Silent Strangeness and More (and yes it's spelled wrong on purpose)
Friday, July 17, 2020
Born Today July 17: Jakob Christoph Heer
novelist Jakob Christoph Heer was born on this date in Töss in the
Kanton of Zurich (a village still located on the the outskirts of Zurich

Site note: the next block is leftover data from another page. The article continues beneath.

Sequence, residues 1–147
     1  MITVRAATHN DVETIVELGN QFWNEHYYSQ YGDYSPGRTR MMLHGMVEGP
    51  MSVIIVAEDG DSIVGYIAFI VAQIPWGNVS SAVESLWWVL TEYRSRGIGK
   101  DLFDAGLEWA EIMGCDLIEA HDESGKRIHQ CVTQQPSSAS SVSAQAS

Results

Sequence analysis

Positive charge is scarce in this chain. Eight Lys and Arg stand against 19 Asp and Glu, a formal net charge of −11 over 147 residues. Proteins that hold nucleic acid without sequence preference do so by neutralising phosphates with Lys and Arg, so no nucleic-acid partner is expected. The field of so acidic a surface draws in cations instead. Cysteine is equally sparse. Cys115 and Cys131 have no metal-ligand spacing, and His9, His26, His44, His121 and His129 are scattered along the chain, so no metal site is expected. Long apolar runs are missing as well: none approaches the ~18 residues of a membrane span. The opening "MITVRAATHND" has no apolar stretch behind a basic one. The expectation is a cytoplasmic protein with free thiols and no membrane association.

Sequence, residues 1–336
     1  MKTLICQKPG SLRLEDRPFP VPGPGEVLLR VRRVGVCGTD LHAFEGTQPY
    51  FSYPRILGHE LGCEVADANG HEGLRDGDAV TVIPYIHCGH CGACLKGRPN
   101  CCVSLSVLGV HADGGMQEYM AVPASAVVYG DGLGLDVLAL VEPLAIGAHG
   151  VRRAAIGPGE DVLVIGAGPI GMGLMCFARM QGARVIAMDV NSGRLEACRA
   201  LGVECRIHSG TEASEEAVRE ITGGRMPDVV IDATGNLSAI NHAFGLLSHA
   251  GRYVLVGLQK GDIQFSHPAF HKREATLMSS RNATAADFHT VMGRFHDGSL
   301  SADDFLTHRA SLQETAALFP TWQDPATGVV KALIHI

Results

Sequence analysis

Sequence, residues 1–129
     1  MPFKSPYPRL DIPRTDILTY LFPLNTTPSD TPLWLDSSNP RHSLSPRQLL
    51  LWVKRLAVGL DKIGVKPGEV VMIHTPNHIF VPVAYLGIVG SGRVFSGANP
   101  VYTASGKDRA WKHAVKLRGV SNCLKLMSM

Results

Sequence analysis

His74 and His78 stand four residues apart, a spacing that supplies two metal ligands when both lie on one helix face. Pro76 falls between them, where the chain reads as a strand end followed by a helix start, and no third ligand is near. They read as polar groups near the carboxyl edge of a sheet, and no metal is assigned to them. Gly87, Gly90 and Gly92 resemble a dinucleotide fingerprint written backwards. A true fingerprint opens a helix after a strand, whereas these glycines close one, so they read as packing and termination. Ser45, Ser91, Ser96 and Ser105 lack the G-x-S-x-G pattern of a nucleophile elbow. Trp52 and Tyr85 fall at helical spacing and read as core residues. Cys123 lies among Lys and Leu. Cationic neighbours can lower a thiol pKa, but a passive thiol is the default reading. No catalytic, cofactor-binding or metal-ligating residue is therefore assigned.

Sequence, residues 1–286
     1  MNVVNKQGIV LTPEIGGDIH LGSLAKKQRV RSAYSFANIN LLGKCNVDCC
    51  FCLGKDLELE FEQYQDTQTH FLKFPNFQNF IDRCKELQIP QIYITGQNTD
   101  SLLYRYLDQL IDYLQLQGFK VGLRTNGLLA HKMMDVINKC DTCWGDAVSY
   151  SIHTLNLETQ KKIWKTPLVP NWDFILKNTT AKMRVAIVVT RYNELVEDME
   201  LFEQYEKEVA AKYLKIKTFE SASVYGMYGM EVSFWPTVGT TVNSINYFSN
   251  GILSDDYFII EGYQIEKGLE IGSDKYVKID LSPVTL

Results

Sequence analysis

proper). Heer was educated at Winterthur and became a teacher by profession. He had worked as a Vicar until 1897 when he obtained his teaching certificate and then worked in as an educator full time after 1882. All the while, he wrote novels in the romantic style, focusing on a sub-genre of "Domestic Romance." Writing in Swiss German, his theme heavily eschewed the increasing advance of technology and the increased removal of populations from rural life, focusing instead on the "idyllic" in living in natural settings surrounded by the pastoral rather than advances in technology (even in pursuits like farming). In 1902 he was finally able to take up full time free lance writing. Heer's work has not been adapted for film often, but all the four films have been features; including the very first film made in 1929. This film was, though, was no small deal. It was a partial silent American production directed by none other than Ernst Lubitsch. Eternal Love would be the last "silent" film that he made (it actually featured sound effects by MovieTone). It also starred Camilla Horn and John Barrymore in the leads and was based on Heer's novel Der Koenig der Bernina. The other three productions have all been German language films of Austria, Germany and his native Switzerland. The first full sound film made from his work was the 1932 German Sacred Waters; this was followed some 25 years later by the Austrian Der König der Bernina in 1957. The most recent use of his work for an adapted script came just three years later, way back in 1960 with the joint Swiss/West German production of Secred Waters. Though Heer is known as a novelist, he was also a prolific writer of short stories, poems and--not surprisingly--local travel literature (though he is said to have very much disliked the concept of tourism). Heer died in Zurich on the 20th of August, a little better than a month after his 66th birthday. A huge stone memorial was put up in his honor at Winterthur, the village where he recieved his education and began his writing career.